A court can only make an Adoption Order when a child has lived with the adopters for a minimum period of time.
The court will also require to know whether the birth parent/s have given their consent to the adoption. If consent to the adoption has not already been sought, or if the birth parent/s do not agree to the adoption, the court appoints a Reporting Officer.
The Reporting Officer will find out if the birth parent/s understand what adoption is and witness their consent to the adoption order being made.
If consent is not given, the court can grant an adoption order under certain circumstances. An independent person, called a curator ad litem, will be appointed by the court to investigate and advise the court on whether an adoption order should be made.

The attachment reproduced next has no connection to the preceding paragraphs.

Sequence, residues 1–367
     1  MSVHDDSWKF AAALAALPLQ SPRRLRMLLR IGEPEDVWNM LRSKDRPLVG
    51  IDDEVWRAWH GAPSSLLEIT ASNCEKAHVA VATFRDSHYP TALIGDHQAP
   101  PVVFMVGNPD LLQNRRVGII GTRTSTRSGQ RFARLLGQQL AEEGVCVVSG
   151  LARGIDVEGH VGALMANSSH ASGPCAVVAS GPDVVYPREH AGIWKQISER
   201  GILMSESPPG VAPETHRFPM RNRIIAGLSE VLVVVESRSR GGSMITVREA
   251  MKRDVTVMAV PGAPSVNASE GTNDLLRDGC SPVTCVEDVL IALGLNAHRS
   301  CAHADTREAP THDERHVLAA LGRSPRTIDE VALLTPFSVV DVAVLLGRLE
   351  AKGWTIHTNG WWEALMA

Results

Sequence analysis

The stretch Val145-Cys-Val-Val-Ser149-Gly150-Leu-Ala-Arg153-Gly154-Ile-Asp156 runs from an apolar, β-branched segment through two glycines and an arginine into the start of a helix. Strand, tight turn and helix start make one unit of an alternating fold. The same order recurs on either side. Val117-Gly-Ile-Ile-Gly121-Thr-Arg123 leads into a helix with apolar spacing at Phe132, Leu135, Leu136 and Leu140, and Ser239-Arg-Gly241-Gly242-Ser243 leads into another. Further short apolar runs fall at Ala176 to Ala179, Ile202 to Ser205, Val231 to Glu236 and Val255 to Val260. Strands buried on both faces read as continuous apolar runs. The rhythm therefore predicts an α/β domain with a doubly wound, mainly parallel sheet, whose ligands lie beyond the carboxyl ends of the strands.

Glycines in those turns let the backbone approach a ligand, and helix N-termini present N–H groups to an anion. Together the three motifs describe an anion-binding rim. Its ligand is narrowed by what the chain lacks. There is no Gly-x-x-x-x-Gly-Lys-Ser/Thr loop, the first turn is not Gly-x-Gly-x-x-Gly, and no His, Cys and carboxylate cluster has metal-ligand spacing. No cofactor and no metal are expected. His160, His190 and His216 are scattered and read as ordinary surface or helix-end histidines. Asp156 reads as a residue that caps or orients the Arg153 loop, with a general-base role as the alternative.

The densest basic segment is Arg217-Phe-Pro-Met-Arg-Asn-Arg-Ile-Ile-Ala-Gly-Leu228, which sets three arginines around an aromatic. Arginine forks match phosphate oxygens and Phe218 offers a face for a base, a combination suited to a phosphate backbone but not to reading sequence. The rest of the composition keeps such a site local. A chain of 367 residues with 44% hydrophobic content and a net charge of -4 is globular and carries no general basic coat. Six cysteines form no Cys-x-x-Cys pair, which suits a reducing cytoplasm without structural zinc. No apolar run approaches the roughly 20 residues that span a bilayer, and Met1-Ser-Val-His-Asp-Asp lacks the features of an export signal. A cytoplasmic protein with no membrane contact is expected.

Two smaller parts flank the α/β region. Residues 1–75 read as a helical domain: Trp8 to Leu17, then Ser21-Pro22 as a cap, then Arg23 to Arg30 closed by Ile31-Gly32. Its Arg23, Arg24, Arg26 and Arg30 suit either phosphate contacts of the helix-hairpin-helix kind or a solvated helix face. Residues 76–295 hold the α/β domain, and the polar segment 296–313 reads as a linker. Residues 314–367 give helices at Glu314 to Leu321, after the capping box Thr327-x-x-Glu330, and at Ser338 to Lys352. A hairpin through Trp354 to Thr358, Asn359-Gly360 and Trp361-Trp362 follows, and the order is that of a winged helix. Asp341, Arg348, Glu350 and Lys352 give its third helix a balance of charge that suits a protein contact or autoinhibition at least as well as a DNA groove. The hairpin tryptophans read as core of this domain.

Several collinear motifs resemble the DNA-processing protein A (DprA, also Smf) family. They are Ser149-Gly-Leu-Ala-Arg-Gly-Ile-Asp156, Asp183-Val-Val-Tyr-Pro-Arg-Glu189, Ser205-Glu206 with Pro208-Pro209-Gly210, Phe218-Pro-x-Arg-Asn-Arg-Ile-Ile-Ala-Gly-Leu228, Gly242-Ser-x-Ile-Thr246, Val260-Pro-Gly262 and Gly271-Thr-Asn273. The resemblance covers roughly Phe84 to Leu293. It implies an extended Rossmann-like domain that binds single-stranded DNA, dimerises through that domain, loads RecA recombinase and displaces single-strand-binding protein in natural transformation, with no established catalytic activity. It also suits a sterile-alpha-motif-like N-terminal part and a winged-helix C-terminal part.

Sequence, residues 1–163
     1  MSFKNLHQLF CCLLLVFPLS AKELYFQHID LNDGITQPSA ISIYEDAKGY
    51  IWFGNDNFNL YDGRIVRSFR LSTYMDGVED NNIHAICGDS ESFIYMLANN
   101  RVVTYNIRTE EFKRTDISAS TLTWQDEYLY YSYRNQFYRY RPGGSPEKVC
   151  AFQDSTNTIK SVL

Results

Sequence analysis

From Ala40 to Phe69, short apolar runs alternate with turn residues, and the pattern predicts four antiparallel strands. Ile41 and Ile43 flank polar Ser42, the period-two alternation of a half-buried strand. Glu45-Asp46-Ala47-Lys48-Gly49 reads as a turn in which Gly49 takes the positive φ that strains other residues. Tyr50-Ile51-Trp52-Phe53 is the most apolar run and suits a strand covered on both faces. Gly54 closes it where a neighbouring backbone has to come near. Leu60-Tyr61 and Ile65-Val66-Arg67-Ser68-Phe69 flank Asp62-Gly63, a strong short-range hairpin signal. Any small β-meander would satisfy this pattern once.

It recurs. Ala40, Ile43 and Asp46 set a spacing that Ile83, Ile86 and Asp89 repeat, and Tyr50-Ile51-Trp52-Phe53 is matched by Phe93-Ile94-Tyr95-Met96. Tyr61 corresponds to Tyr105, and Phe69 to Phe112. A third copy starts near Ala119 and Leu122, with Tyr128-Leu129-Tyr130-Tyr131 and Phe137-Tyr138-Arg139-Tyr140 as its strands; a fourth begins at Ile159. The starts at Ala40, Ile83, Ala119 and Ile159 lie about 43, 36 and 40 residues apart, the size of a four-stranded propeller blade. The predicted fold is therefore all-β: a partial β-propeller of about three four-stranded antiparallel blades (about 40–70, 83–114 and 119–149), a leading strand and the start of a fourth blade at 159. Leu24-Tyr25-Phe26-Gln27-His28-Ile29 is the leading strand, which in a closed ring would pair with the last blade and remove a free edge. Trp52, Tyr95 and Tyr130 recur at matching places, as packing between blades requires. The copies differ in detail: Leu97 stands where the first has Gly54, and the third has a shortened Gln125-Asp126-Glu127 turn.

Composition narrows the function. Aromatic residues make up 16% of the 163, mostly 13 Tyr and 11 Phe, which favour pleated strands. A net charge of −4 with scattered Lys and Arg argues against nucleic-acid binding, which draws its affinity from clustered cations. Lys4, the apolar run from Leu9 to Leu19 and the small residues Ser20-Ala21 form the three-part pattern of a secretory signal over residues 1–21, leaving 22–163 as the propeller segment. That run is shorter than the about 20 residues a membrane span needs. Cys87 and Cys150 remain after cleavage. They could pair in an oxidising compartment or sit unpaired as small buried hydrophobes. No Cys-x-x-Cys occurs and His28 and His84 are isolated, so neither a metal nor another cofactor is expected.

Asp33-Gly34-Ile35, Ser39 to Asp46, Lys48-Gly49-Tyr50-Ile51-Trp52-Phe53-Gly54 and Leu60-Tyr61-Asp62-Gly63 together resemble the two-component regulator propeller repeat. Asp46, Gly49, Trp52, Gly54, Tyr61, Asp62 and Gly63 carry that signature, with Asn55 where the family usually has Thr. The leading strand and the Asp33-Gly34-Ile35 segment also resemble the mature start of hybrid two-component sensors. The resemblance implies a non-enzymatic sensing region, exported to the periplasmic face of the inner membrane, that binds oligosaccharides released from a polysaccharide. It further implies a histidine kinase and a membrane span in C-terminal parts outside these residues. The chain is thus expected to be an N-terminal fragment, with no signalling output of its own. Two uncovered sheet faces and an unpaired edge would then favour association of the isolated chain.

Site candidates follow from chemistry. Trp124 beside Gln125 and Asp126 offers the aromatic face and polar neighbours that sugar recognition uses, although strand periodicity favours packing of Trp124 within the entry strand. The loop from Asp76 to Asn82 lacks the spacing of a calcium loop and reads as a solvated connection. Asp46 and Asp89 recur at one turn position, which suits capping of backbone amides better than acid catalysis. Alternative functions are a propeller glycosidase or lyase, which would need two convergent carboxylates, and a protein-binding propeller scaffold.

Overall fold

If consent is given by the birth parent/s, the court hearing will be fairly brief. The court will read a report, prepared by the social workers from the adoption agency, and briefly speak with the adopters.
Following this, the decision will be made immediately. If the adoption is being contested by the birth parents, the court hearing is likely to take longer and is more complicated. Either way, it is recommended that legal advice is sought by the adopters prior to undertaking this legal process.